Blog Post:In my recent post, I committed to trying to understand the discrepancies revealed in a survey of marketers, the majority of whom recognized the need to be more data focused despite the admission by nearly half of the respondents that they “trust their gut.” More importantly, I hope to suggest answers that will help to conquer data overload and math phobia, the results of which, may advance your career. First, I should mention that I enjoy statistics, and yes, a few friends have regaled me with the following joke: “A statistician is someone who is good with numbers, but doesn’t have the personality to be an accountant.” Ouch, that may be a bit harsh, but it does highlight how many view math. Scientists regard math anxiety as cause for concern, but believe me, there are innovative teaching tools that can turn those from math-a-phobe to math-a-phile. What percentage of people think math is difficult? Jo Boaler, a professor of mathematics education at Stanford University, summarized recent research, writing: “The personal and educational consequences of math anxiety are great. Math anxiety affects about 50 percent of the U.S. population and more women than men. Researchers know that math anxiety starts early. They have documented it in students as young as 5, and that early anxiety snowballs, leading to math difficulties and avoidance that only get worse as children get older. Researchers also know that it is not related to overall intelligence.” Boaler’s last statement is significant, as many who have the ability to do math nonetheless exhibit anxiety. Storytelling and Math One of the more interesting theorists who has devised techniques to overcome math phobia is James J. Asher, Ph.D. He notes that math is often taught in a dry manner, but believes there are many opportunities for story telling that can illustrate a mathematical concept. For example, he tells the story of a teacher asking an 8th grade student for the definition of infinity, to which the student replied “Infinity is a box of Cream of Wheat…because a box of Cream of Wheat illustrates the exact nature of infinity. The reason: On the box is a picture of a chef in white outfit and chef’s hat holding a box of Cream of Wheat. The box in his hand has a miniature picture of a chef holding a box of Cream of Wheat and so on into eternity.” Dr. Asher also believes it is important to highlight the fascinating and exciting stories behind math discoveries in order to inspire students. For example, Sir Isaac Newton was next-to-the-lowest ranking student at his grammar school, and entered Cambridge with a background not much beyond simple arithmetic. Newton, however, was fascinated with the movement of the planets yet there were no mathematical formulas that could explain the movements, so through serious self-study, he invented calculus, which many consider to be the “gem” of mathematics. As a marketer today, you may be fascinated by the movements, preferences, and habits of your customers; but the good news is that you don’t need to invent a special branch of mathematics. There are tools today to analyze your data, provide actionable insights, and make you a star (which Newton might see from his telescope!) So, let’s take a look at how one company conquered data overload, math phobia and advanced company objectives. Case Study: Nova Pontocom Nova Pontocom, a Brazilian e-commerce firm, while only having been established in 2010, has vaulted to the number two position in Brazilian online retail. Known for selling travel deals, household appliances, furniture, DVDs, and electronics, as well as offering technology solutions and wholesale operations for businesses, Nova Pontocom achieved an impressive annual revenue of R$4.8 billion. With 2,500 employees handling an inventory of more than 650,000 products, it is clear to see that analytics with real time data is a must to respond in a timely way to customers. For real-time data, improved communication and collaboration as well as ease of implementation, Nova Pontocom turned to Adobe Analytics solution within Adobe Marketing Cloud. Here are a few highlights of successful solutions: Challenge: Implementing Enterprise-level analytics in an efficient and effective manner Solution: To the surprise of the Nova Pontocom implementation team, while it had been given a goal of 90 days for implementation, the task was completed in only 28 days. The team was then able to use the found time to create specific metrics and dashboards for every company department. Challenge: Boost Sales through Product Visibility Solution: The rapid analytical results and dynamic alerts allow Nova Pontocom to modify its online promotions to align with marketing trends as well as to boost sales and profits. “An item considered Grade A according to some metrics could be Grade C in sales, and vice versa. Based on sales estimates and alerts about website views, we can now solve potential problems that we were not even able to identify before,” says the analytics manager. Challenge: Increase Growth and Productivity Solution: An IT team comprised of eighty persons had monitored website performance with the capacity to monitor 20,000 items within a given time period. Through the implementation, this same team now monitors 600,000 items in the same time frame, with that figure projected to increase to one million items. Challenge: Harness Data Quickly, Improve Communication and Collaboration Solution: Through the implementation of Adobe Analytics, Nova Pontocom is able to construct strategies that leverage insights gleaned from its big data. As an additional benefit, the company found this led to improved communication and collaboration throughout departments and synchronized the analysis of online data related to client, product, and sales funnels. What do you think? Now, back to the survey discussed above in which 76% of marketers agreed they need to be more data-focused to succeed and 49% of marketers reported “trusting my gut” to guide decisions on where to invest their marketing budgets. Also72% of marketers agreed that long-term success at their company is tied to proving marketing return on investment. With results like those above, I think data analytics trumps “trusting my gut.” What do you Author: Date Created:November 5, 2015 Date Published: Headline:Conquering Data Overload, Math Phobia & Advancing Your Career Social Counts: Keywords: Publisher:Adobe Image:https://blogs.adobe.com/digitalmarketing/wp-content/uploads/2015/11/Fotolia_91407006_Subscription_Yearly_M_PLUS-e1445370680909.jpg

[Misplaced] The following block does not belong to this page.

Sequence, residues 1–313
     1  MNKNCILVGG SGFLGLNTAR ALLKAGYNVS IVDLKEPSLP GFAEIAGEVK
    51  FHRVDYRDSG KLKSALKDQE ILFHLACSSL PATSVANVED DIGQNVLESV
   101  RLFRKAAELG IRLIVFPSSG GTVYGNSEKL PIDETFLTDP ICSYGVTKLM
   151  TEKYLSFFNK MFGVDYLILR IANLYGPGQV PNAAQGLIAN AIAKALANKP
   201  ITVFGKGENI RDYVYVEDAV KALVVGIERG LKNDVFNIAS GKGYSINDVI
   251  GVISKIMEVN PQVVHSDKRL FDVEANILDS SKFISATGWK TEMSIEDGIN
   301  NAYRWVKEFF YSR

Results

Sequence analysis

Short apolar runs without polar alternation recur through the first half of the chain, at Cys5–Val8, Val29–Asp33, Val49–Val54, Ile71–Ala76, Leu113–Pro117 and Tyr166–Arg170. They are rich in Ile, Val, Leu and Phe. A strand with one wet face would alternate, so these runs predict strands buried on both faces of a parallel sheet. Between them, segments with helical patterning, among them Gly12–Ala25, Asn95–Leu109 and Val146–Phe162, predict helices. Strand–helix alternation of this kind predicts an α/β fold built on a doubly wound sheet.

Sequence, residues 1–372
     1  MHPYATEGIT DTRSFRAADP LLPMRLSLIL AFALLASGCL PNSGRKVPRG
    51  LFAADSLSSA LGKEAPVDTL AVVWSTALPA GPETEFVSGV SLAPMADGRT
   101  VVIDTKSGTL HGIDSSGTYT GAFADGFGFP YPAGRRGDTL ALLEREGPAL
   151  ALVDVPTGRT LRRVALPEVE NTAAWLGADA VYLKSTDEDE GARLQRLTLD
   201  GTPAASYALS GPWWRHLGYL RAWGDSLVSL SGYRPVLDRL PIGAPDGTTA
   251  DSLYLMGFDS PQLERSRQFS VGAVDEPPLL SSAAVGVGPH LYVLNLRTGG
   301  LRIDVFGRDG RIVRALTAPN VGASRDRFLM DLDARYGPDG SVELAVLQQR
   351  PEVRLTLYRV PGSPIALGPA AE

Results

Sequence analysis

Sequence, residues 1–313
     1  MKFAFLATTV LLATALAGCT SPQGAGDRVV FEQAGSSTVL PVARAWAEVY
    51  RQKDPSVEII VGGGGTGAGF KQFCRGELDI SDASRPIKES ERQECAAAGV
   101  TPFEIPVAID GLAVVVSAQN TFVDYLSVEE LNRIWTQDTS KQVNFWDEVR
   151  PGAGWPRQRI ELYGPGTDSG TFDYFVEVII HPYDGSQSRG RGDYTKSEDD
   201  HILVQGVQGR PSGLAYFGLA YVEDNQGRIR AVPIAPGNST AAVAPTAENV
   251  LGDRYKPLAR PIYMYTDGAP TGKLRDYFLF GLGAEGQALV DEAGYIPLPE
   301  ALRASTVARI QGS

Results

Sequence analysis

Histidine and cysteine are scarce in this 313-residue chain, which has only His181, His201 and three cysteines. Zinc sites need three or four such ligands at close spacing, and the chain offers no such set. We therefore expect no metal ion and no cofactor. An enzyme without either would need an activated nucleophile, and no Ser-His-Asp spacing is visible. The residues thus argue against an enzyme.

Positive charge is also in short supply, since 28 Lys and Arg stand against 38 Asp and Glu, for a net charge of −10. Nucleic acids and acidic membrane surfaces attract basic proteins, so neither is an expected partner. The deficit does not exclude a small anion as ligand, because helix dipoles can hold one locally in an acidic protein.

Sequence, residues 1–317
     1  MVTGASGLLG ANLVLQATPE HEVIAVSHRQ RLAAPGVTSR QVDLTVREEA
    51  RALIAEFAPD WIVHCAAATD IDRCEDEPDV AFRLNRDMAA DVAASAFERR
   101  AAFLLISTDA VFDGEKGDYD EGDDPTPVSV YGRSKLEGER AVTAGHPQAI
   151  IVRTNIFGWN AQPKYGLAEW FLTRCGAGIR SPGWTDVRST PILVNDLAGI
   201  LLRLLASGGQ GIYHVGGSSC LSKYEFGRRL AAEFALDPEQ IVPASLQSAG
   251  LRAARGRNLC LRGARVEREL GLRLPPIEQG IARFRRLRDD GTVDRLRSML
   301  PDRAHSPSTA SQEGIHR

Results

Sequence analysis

In my recent post, I committed to trying to understand the discrepancies revealed in a survey of marketers, the majority of whom recognized the need to be more data focused despite the admission by nearly half of the respondents that they “trust their gut.” More importantly, I hope to suggest answers that will help to conquer data overload and math phobia, the results of which, may advance your career.